Joint Transnational Call 2007 (JTC2007)


Autoimmune liver disease-related autoantibody profiles (AIH, PBC, PSC) have been compared to profiles obtained from (i) “liver-associated autoimmune diseases (Omenn syndrome, ALPS)”, as well as from (ii) “non-liver autoimmune diseases (SLE, scleroderma) and (iii) from non-autoimmune liver diseases (e.g. alcohol induced chirrosis). The general objective was to determine epitopes that react with disease-related autoantibodies. Hereto, epitopes present in linear peptide sequences have been taken in order to assess their diagnostic values and therapeutic potential. The latter was analyzed by studying anti-anti-MPO anti-idiotypic Abs in the context of vasculitidis including Churg-Strauss syndrome, microscopic polyangiitis and idiopathic necrotizing and crescentic glomerulonephritis. Patient sera of autoimmune liver diseases studied have been subjected to 48729 different linear peptides most of them representing peptide sequences derived from known autoantigens.

The main goal of the Epinostics project was to determine immune responses against various autoantigens related to autoimmune liver diseases (primary biliary cirrhosis (PBC), autoimmune hepatitis (AIH)). A full epitope map of these epitopes has been stored in the EpiMap-database at the Rostock Epitope Screening Center (ESC). Serum samples were tested with molecular based assays for various autoantibodies, clinical data concerning biomaterial were collected and analyzed, and B cell epitope mapping was performed using overlapping peptides and in house ELISA. Dominant anti-myeloperoxidase (MPO) epitopes from sera of patients with vasculitis were analyzed by affinity purification of anti-MPO from patients with vasculitis and from IVIG preparation. Several synthetic peptides derived from MPO sequences encompass immunodominant epitopes in small vessle vasculitis paving the way to therapeutic vaccination strategies. C57BL/6 mice were immunized with recombinanthuman-MPO in order to induce mouse anti-MPO and pathology resembling the human pANCA associated vasculitis. IgM, IgG and IgA BCR repertoires in primary biliary cirrhosis (PBC) patients were analyzed by means of quantitative RT-PCR and CDR3-spectratyping. PBMC from 35 PBC patients and 18 normal controls were analyzed. Quantitative B cell repertoire analysis of IgM from healthy donors showed the preferential usage of VH3a, VH3b and VH4 families. Very similar VH family usage was observed in IgM B cells from PBC patients. In Stiff-Person-Syndrome (SPS) long-lived plasma cells and rituximab-resistant memory B cells seem to be the main source of potentially pathogenic GAD65-specific autoantibodies. In autoimmune lymphoproliferative syndrome (ALPS) patients, serum concentration of FasL and IL10 have been found to be increased in patients carrying Fas mutations. Using mass spectrometric analysis, specifically enriched mono-specific antibody pools bound to selected peptides were characterized as monoclonal, oligoclonal, and polyclonal, respectively. Pools of peptides were identified to be preferentially bound by antibodies present in sera of AIH and PBC patients. The diagnostic value of distinct peptides are currently evaluated in ongoing ELISA testings. Peptides representing proteins such as Ro-52 and PDC-E2 have been scanned to determine linear epitopes using sera from PBC and AIH patients. Linear peptides derived from more than 59 different proteins in case of PBC and 49 different proteins in case of AIH have been subjected to ongoing validation processes to determine their diagnostic value. In summary, each human serum encompasses individual-specific antibodies that have to be discriminated from diseaserelated antibodies. Furthermore, peptides of diagnostic relelvance as well have to be specific in comparison to antibodiy signatures of related diseases. Besides these criteria, one has to take into account that each autoimmune disease is a polygenic disease most likely representing different disease-subtypes together with different epitope profiles as well.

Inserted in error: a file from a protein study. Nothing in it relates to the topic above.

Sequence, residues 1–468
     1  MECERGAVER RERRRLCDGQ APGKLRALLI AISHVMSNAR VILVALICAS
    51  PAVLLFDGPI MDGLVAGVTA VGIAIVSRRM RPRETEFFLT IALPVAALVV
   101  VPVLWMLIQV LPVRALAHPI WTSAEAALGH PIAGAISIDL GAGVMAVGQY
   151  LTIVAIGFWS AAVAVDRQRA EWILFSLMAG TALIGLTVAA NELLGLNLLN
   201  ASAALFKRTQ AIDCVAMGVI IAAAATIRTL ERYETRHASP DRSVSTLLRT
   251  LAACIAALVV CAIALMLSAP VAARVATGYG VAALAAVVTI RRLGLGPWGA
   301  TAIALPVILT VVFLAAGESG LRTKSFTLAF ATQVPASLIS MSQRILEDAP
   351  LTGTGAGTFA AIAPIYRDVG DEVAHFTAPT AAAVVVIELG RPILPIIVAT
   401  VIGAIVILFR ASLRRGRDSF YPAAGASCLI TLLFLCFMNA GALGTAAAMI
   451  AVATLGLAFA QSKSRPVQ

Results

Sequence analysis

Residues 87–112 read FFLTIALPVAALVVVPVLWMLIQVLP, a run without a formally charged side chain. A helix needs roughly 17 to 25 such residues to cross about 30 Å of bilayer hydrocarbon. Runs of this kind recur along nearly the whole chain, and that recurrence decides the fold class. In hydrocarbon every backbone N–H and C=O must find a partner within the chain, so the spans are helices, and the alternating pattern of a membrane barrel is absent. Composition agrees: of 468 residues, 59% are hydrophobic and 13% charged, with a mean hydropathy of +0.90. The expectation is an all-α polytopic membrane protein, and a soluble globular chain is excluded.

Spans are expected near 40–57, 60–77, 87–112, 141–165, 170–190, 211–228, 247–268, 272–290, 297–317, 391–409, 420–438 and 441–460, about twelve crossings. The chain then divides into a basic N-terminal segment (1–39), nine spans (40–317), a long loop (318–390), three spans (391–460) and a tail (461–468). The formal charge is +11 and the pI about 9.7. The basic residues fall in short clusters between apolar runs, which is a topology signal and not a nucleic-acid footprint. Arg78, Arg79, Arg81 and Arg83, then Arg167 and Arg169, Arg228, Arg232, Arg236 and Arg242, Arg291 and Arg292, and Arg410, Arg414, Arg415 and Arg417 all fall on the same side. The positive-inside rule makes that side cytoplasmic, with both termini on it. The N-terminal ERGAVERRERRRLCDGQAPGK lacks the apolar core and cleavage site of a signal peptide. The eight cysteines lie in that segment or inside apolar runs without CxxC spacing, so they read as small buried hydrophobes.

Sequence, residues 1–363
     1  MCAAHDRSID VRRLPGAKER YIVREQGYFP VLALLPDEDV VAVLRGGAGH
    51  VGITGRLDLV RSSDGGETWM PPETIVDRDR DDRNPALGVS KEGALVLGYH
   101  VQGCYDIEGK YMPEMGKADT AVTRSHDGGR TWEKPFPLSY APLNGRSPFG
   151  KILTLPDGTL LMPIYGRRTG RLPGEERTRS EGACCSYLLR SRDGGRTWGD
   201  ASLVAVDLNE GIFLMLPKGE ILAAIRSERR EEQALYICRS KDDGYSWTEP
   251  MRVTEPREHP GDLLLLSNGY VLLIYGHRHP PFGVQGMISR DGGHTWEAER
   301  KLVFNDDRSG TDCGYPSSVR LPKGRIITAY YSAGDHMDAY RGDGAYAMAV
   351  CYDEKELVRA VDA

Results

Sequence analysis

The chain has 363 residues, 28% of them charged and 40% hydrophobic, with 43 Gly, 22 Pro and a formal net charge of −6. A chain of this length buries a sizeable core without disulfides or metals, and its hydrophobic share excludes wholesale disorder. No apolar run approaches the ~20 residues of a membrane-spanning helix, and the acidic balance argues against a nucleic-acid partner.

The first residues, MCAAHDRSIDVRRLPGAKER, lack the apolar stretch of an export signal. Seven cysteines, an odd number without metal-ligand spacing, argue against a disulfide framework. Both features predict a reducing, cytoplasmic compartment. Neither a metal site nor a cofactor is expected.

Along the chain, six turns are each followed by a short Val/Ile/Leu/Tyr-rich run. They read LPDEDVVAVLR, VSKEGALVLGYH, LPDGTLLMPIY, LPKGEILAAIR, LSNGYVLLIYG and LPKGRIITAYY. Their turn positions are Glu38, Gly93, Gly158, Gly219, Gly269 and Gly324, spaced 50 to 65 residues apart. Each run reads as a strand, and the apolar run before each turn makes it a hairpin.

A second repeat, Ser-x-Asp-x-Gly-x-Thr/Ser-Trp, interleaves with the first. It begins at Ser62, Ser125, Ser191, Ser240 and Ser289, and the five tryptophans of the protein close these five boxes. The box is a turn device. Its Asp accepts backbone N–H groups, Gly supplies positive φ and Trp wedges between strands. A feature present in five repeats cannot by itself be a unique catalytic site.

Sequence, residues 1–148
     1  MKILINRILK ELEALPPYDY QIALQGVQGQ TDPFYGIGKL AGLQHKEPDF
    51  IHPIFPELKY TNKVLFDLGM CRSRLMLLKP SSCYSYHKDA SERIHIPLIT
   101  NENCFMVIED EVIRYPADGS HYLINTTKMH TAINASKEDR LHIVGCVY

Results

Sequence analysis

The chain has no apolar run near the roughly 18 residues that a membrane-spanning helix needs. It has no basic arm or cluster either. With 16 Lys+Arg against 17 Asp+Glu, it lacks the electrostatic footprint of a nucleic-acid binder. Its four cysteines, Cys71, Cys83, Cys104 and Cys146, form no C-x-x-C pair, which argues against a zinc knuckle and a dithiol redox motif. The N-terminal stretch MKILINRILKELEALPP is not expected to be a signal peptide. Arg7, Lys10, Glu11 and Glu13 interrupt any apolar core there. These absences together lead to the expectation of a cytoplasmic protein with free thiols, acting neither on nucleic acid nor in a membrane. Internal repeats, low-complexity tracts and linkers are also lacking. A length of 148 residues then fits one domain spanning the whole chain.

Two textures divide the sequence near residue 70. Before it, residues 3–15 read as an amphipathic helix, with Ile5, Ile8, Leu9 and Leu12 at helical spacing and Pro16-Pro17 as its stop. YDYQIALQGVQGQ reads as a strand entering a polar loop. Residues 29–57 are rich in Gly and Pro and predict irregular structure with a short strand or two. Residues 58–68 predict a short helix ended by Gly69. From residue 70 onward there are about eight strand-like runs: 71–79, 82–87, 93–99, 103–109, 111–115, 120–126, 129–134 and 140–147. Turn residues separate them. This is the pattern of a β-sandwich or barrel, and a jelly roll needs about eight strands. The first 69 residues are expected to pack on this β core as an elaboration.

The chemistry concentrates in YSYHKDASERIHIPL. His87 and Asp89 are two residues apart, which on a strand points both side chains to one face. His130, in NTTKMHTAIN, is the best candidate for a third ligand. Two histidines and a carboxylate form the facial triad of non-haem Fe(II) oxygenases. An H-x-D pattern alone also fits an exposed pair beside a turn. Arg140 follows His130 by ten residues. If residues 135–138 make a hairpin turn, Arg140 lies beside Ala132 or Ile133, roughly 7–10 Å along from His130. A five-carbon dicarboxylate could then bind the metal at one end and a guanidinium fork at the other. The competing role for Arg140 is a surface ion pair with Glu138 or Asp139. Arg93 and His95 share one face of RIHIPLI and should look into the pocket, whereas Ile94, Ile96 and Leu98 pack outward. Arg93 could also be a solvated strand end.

• Tiesen, Hans-Jürgen (Coordinator)
    University of Rostock Institue of Immunology [GERMANY]
  • Pares, Albert
    Hospital Clinic, IDIBAPS University of Barcelona Liver Unit, Digestive Diseases Institute [SPAIN]
  • Villa, Anna
    University of Milan Wiskott Aldrich Group at Telethon Institute for Gene Therapy [ITALY]
  • Bogdanos, Dimitrios
    King’s College London Institue of Liver Studies, Division of Gene and Cell Based Therapy Denmark Hill Campus [UNITED KINGDOM]
  • Rieux-Laucat, Frédéric
    INSERM Unit 768 Hôpital Necker [FRANCE]
  • Dalekos, George
    Centre for Research and technology & University of Thessaly Medical School [GREECE]
  • Muratori, Luigi
    University of Bologna Sant’Orsola-Malpighi Hospital Department of Internal Medicine, Cardioangiology, Hepatology [ITALY]
  • Gougeon, Marie-Louise
    Infection and Immunity Department Institut Pasteur [FRANCE]
  • O. Glocker, Michael
    Centre for Research and technology & University of Thessaly Medical School [GERMANY]
  • Blank, Miri
    Sheba Medical Center of Autoimmune Diseases [ISRAEL]